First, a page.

Tesla’s new India plans come nearly a month after Musk tweeted that he might be unable to sell in the country because of its “Make in India” push, which requires foreign companies to source at least 30% of their products locally.

When orders for the Tesla Model 3 opened at the end of March 2016, the electric car maker found takers among India’s startup bigwigs, like venture capitalist Mahesh Murthy and Paytm founder Vijay Shekhar Sharma, who forked over $1,000 to reserve a car that was yet to be released in the country. More than a year later, Tesla was still yet to take concrete steps to foray into the Indian market.

After Musk’s tweet in May about the local sourcing norms, the commerce and industry ministry clarified on Twitter that only foreign retailers—not manufacturers—are required to source a portion of their components locally. As per the policy, “a foreign investor is permitted to sell in any manner: wholesale, retail including e-commerce,” the ministry noted.

The government had also previously invited Tesla to make the country its Asia manufacturing hub. But despite the offer, Tesla does not seem to be inclined to manufacture in India yet. Still, since India is poised to become the world’s third-largest auto market by 2020, Tesla can’t afford to ignore the country. If not as a manufacturer (yet), Tesla wants to debut as retailer at least.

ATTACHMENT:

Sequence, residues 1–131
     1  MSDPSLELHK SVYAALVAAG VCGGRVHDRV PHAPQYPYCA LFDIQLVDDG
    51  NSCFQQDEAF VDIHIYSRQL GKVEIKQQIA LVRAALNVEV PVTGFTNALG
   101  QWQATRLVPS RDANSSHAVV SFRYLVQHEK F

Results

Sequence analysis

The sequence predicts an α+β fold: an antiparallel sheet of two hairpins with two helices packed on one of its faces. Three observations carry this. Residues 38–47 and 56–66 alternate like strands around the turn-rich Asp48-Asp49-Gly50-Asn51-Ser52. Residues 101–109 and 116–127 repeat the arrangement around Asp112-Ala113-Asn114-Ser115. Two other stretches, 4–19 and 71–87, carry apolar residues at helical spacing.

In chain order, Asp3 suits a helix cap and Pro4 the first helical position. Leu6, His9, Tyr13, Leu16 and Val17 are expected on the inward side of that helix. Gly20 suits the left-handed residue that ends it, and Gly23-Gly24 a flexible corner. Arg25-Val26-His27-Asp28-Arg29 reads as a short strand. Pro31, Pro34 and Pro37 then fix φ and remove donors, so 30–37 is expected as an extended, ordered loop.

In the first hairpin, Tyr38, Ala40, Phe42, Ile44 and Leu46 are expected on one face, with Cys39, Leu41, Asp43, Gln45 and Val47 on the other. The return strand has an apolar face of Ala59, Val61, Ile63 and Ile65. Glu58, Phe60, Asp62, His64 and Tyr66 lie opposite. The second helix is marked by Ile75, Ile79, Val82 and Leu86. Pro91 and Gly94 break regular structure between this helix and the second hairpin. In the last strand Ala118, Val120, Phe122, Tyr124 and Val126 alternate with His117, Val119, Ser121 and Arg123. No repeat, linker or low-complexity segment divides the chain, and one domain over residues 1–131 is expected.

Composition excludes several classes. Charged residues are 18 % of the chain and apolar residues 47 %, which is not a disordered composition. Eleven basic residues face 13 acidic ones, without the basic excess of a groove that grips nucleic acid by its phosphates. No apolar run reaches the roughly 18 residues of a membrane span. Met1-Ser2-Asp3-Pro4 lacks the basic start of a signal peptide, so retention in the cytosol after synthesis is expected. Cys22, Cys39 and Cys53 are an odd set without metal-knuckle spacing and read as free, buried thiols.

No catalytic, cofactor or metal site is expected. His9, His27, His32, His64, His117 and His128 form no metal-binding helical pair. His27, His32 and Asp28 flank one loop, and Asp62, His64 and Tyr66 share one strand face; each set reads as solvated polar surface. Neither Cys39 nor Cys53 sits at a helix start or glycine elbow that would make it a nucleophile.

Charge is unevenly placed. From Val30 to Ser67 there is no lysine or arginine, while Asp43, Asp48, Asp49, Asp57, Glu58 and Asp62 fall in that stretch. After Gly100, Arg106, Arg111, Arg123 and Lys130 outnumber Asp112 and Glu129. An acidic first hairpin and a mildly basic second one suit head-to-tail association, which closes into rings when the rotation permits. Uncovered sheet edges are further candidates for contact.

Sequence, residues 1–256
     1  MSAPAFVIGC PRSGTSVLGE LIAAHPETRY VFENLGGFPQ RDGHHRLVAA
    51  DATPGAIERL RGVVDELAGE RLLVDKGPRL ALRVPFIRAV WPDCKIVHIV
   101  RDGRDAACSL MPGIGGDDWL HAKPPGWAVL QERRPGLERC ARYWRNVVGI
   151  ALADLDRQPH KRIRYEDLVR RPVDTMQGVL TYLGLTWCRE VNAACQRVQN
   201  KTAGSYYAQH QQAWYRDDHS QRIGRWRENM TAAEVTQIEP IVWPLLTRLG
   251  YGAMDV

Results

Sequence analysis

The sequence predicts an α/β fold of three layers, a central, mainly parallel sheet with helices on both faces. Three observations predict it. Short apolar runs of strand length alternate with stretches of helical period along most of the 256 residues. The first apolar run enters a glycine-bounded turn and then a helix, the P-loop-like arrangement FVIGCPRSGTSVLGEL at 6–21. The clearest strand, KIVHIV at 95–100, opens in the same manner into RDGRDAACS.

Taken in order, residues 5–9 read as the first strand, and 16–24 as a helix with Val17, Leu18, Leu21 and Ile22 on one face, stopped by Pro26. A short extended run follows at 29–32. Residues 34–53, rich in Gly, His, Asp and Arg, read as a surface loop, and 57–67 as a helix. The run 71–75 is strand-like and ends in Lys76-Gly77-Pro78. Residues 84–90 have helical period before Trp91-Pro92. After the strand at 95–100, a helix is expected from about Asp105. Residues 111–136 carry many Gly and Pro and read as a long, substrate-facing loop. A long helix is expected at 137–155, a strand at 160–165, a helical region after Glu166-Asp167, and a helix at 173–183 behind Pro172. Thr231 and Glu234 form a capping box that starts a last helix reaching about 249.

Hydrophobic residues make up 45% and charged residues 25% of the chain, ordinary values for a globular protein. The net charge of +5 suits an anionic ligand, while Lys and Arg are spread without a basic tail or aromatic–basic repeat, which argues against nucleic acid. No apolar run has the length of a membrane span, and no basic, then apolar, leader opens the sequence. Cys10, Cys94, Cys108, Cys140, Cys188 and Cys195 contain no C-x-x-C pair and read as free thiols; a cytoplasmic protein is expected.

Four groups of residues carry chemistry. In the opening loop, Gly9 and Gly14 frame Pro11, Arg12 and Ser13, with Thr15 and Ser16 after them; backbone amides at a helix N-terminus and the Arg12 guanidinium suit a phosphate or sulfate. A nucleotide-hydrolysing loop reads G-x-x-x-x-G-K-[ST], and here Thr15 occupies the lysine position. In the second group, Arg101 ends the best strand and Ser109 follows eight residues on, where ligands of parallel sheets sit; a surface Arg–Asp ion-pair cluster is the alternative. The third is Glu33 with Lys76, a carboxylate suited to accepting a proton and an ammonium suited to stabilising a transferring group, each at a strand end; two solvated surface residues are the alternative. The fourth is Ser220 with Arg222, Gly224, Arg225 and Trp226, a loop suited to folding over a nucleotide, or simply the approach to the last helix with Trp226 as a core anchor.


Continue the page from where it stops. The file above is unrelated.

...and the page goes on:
A concession from the government will serve as a subsidy in the initial years so they can increase their local presence. “They want to start selling the vehicles to understand the market in India,” Abdul Majeed, partner and national auto practice leader at PricewaterhouseCoopers, told Quartz. “From a niche play, they want to get into the mass market.”

Without a tax cut or exemption, the 125% duty levied on imported vehicles in India makes even the Model 3—a “smaller, more affordable” Model S—cost well over the US retail price of $35,000 (Rs23.4 lakh). (Even without the duty, Tesla’s cars are far pricier than local competitor Mahindra’s Rs5 lakh-Rs10 lakh cars.)

The benefit will likely only be “temporary” but its impact could be long-lasting. If the cars are a hit by the time the import duty makes a comeback, Tesla can start manufacturing in the country and avoid the cost altogether, Majeed suggests. In the meantime, India’s infrastructure and supply chain will also get time to mature further.

Cars are only the start of Tesla’s journey in India. Rumours of the company setting up a gigafactory to mass-produce lithium-ion batteries—known for their efficiency in recharging and storing energy—in India have been buzzing since October 2015. Tesla has also vowed to install a cross-country network of superchargers. Majeed believes that these plans will also materialize once the cars start running on Indian roads. “At the end of the day, what they’re trying to do is set up the ecosystem,” he said. To serve Indians, Tesla will also need to set up dealerships and service centers—both of which are currently non-existent.

The Indian government also stands to win if Tesla is able to woo India’s 1.3 billion-strong population. More than 95% of the electric vehicles on the roads are low-speed electric scooters—Mahindra is the only viable electric car maker in the country. Tesla could offer a much-needed push to realize the government’s ambitious target of making all vehicles in India electric by 2030. And when the environmentally-friendly cars replace their gas-guzzling counterparts, the burgeoning air pollution in the country, which kills 1.2 million people each year, would start to decline, too.

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